On May 9, 2013, Attorney General Kamala D. Harris filed an enforcement action against JPMorgan Chase & Co. (Chase) alleging that the bank engaged in fraudulent and unlawful debt-collection practices against tens of thousands of Californians.
The suit alleges that Chase engaged in widespread, illegal robo-signing, among other unlawful practices, to commit debt-collection abuses against approximately 100,000 California credit card borrowers over at least a three-year period.
“Chase abused the judicial process and engaged in serious misconduct against California credit card borrowers,” Attorney General Harris said. “This enforcement action seeks to hold Chase accountable for systematically using illegal tactics to flood California’s courts with specious lawsuits against consumers. My office will demand a permanent halt to these practices and redress for borrowers who have been harmed.”
From January 2008 through April 2011, Chase filed thousands of debt collection lawsuits every month in the State of California. On one day alone, Chase filed 469 such lawsuits in California. The Attorney General’s complaint against Chase alleges that, to maintain this pace, Chase employed unlawful practices as shortcuts to obtain judgments against California consumers with speed and ease that could not have been possible if Chase had adhered to the minimum substantive and procedural protections required by law.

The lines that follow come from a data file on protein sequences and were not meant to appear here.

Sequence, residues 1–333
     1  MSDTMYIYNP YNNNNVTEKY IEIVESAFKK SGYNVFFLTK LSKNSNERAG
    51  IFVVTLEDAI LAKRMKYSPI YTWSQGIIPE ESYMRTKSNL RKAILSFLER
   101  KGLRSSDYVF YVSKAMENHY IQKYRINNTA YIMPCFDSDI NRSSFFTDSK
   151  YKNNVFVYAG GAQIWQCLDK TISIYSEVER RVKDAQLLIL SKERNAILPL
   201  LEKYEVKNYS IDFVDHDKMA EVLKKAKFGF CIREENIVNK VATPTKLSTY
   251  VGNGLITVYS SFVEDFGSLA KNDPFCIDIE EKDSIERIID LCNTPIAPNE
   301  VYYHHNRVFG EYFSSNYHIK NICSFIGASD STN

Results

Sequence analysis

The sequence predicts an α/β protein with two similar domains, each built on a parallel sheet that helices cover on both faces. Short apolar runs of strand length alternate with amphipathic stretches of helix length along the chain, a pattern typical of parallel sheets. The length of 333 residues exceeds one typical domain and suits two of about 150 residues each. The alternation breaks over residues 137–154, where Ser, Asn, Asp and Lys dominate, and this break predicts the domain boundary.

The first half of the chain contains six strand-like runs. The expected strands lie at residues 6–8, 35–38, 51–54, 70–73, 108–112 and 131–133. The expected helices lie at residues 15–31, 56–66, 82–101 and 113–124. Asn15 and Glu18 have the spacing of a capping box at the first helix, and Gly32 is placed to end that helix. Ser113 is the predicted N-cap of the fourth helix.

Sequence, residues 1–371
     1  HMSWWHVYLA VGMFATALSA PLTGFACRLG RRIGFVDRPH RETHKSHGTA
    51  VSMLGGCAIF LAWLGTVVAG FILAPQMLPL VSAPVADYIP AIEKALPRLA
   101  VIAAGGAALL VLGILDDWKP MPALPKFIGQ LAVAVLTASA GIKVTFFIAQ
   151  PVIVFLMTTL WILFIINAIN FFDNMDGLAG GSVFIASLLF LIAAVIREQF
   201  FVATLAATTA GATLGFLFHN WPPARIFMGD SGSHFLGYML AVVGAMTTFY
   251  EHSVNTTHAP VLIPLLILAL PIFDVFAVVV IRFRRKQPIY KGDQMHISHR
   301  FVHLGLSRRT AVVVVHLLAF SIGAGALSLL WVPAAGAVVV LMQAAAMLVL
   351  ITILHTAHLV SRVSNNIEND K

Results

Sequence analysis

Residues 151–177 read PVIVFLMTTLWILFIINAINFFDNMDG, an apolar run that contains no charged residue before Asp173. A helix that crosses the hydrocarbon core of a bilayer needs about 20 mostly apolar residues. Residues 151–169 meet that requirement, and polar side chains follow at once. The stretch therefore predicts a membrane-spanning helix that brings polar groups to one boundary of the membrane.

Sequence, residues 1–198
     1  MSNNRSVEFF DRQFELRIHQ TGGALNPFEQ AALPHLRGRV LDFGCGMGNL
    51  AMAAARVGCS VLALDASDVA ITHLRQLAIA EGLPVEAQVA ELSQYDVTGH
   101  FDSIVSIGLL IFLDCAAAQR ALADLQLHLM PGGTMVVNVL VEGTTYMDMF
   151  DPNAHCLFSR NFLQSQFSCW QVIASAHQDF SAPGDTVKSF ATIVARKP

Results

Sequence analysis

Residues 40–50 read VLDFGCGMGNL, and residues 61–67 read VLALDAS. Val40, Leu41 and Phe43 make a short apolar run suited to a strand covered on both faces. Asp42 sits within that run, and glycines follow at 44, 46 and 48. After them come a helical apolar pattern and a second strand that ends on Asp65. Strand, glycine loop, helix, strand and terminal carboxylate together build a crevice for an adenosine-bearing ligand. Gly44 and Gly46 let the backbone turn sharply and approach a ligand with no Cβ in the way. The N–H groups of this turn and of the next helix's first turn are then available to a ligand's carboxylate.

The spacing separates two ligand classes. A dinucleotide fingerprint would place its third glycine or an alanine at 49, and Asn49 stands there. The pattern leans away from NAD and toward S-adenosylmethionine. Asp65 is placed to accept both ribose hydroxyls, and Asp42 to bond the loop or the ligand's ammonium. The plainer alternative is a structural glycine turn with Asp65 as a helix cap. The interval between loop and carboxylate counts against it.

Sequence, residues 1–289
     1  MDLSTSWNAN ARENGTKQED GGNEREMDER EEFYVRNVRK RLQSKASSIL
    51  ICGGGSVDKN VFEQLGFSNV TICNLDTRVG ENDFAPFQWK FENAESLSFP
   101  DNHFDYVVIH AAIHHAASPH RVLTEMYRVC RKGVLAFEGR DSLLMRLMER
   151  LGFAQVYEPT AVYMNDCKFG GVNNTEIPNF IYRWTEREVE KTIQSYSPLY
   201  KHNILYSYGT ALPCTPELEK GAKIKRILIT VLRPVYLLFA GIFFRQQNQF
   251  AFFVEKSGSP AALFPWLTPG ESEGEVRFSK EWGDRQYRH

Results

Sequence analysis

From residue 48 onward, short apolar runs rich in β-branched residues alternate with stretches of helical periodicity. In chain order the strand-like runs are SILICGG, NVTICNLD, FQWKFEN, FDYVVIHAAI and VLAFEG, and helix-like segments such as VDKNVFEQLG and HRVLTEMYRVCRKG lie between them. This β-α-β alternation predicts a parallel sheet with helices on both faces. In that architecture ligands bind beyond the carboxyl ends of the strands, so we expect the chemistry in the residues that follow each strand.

“At nearly every stage of the collection process, Defendants cut corners in the name of speed, cost savings, and their own convenience, providing only the thinnest veneer of legitimacy to their lawsuits,” the complaint states.
Chase used California’s judicial system as a mill to obtain default judgments, the suit alleges, using illegal tactics to flood the state’s court system in order to secure default judgments and garnish wages from Californians.
The alleged misconduct includes:
- Robo-signing: Chase illegally robo-signed various litigation filings, including sworn documents, declarations, and verified complaints, without reviewing the relevant files or bank records or even reading the documents before signing.
- “Sewer Service”: Chase failed to properly serve notice of debt collection lawsuits against consumers while claiming they had been served as required by law. This practice, known as “sewer service,” deprives the consumer of any notice of the lawsuit.
- Filing Irregularities: Chase haphazardly assembled its official legal filings. For example, Chase failed to redact consumers’ personal information in attachments to filings, potentially exposing them to identity theft and in violation of California law. In addition, when asking courts to enter default judgments against consumers, Chase consistently swore under penalty of perjury that the consumers were not on active military duty. In fact, Chase never checked. This deprived servicemembers of important legal protections to which they are entitled while on active duty.
The suit was filed in Los Angeles Superior Court.
Source: California Attorney General